Buy broccoli heads or stems that are firm and green and not wrapped in cellophane so you can gauge their freshness. Keep them in a clean plastic bag in the fridge, as the broccoli will keep for longer. If the top yellows slightly, don’t worry, it’s still fine to eat. People often waste the stalk, but don’t make the same mistake! I like to peel it and eat the core as a treat while cooking, but have added it to my dishes here and suggest you do the same.

Spring onions

March to June: Mild enough to eat raw but pungent enough to stand up to being cooked, these slim alliums are hugely versatile. Supermarkets stack them on the shelves all year round… and theirs taste bland all year round, too. Instead, dig out your local box scheme, grow your own, or just find a farmers’ market. You might find bulbous Italian varieties, or purple-headed onions that look so pretty. Look for the large Catalan variety called calçots, traditionally served char-grilled with romesco sauce. I like spring onions best when they have long green tops, uncut, like a punky hairstyle. Bafflingly, people often throw away the green tops. I find their vivid green colour a must in a tabbouleh or a broth. They’re delicious wilted and can replace any green in a dish as they’re so mild, with just an oniony tang. To preserve the tops, make a salsa verde with them instead of using herbs alone. It will keep in a sealed container in the fridge for more than a week.

When buying spring onions, look for crisp tops and a firm bulb. Don’t worry if the outside is dirty. Give them a good wash and peel off the outer layer, if necessary. Store them in the fridge in a clean plastic bag to help stop them from drying out.


March/April to October: Watercress is perhaps the most nutritious green out there. It has been described as a superfood for its cancer-fighting properties and vast array of nutrients and vitamins. But best of all, its mustardy-hot leaves have a damn good spicy flavour. Stuff them in a bun with a burger or a grilled portobello mushroom and some gherkins, or into the classic beef and horseradish sarnie, or whizz them up into a delicious peppy pesto.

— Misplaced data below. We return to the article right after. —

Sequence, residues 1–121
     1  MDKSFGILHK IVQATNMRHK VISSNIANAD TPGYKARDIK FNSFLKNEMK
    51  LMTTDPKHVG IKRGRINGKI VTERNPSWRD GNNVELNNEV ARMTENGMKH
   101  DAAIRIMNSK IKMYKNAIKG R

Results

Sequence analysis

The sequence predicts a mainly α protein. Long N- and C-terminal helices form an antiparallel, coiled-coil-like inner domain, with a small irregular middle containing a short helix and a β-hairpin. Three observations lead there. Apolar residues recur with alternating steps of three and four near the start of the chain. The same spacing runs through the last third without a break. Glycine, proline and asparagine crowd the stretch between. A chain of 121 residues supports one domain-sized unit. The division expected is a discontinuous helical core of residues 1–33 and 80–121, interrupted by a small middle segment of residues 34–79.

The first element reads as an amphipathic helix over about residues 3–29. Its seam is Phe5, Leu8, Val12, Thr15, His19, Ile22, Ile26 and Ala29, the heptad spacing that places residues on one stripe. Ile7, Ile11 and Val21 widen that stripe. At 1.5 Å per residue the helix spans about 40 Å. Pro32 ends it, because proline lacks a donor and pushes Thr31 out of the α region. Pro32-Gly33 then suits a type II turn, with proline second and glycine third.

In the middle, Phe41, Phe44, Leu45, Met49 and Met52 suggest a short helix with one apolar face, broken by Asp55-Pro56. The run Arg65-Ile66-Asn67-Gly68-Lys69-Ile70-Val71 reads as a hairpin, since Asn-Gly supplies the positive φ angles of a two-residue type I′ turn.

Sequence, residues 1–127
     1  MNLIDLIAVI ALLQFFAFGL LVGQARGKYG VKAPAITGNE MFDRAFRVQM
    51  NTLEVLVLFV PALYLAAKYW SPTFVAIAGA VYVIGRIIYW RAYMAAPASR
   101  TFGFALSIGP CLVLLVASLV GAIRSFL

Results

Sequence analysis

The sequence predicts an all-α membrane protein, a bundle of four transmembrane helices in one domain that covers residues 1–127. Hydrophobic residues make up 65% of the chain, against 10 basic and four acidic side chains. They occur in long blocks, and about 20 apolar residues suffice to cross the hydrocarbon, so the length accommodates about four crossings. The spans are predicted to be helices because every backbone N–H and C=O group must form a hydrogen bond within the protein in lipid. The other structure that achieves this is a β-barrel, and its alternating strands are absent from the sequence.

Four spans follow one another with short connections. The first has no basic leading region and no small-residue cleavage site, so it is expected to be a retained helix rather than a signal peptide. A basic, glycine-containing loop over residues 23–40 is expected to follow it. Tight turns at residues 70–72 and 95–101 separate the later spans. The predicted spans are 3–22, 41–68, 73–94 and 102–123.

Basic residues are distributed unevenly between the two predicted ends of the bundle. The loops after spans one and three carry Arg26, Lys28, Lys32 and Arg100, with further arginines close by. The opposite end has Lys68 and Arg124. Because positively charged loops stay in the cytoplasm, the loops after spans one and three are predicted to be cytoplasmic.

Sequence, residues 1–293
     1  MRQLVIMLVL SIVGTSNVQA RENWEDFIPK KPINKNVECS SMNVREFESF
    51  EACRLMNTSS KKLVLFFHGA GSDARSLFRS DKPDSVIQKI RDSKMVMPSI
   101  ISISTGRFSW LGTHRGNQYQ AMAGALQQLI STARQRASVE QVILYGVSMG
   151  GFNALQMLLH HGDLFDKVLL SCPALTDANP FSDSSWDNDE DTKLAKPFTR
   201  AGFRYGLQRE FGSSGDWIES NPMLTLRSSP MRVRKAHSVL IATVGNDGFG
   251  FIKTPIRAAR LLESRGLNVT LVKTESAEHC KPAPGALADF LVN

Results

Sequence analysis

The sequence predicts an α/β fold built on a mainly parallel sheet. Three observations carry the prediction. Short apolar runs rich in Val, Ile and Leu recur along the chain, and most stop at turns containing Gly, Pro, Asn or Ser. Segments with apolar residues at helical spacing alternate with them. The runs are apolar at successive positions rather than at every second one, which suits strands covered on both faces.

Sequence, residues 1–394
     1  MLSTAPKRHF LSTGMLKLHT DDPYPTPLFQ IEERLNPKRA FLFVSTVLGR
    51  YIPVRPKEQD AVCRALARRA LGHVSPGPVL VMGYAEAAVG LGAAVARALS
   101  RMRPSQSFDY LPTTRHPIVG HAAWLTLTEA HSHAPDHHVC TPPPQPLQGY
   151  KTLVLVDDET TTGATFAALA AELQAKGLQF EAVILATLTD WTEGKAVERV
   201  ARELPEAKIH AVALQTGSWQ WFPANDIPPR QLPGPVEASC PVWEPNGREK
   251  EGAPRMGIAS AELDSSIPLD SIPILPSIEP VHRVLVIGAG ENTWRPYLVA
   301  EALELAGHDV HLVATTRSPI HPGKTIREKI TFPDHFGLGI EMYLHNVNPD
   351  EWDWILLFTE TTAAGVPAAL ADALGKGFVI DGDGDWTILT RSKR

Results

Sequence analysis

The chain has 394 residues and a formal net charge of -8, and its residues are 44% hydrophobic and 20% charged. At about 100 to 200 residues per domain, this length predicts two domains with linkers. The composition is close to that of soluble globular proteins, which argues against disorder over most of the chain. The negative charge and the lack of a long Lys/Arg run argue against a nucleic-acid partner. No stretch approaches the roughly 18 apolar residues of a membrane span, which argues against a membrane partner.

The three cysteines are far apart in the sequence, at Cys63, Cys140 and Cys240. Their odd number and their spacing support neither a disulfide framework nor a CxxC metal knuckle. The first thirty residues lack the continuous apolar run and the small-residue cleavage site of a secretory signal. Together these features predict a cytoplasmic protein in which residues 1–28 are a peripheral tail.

Watercress grows well in the wild and is one of the oldest known vegetables to be eaten by humans. It’s now cultivated in large beds. Buy watercress with thick, succulent stalks as it is good both raw and cooked and the stalks have a great, strong flavour. Watercress doesn’t last for long, so look for bouncy, fresh green leaves with no sign of the bruising that might shorten its life. Every bit is edible, so don’t discard a thing. Keep watercress in the fridge, either wrapped in a damp tea towel, or sitting in a cup of water like a superfood posy.


April to September: Radishes grow fast: just three weeks in the soil produces a root big enough to warrant the chop. I love the spicy, peppery varieties that burn your mouth like a hot mustard leaf. But there are many: long French breakfast and – these days becoming easier to find – bulbous purple, red and white globes. Grow them in pots about your house or on your windowsill. Snack on them like crisps, fresh from the soil. It’s all about the crunch. Just don’t waste the leaves. They are nutritious and add a peppery twist to salads, or can replace spinach or watercress in soups and stews. The root can be eaten raw with local honey and vinegar, on toast with butter and salt, or it can be pickled and served with fish.

The leaves deteriorate quickly, so are a good indication of how fresh your radish is in the shop or at the market. Look for perky crisp leaves and a firm root. Store them in the fridge, removing the leaves and keeping them chilled separately in a tub or clean plastic bag. Soak the roots in ice-cold water before serving, to make sure they are ultra-crisp.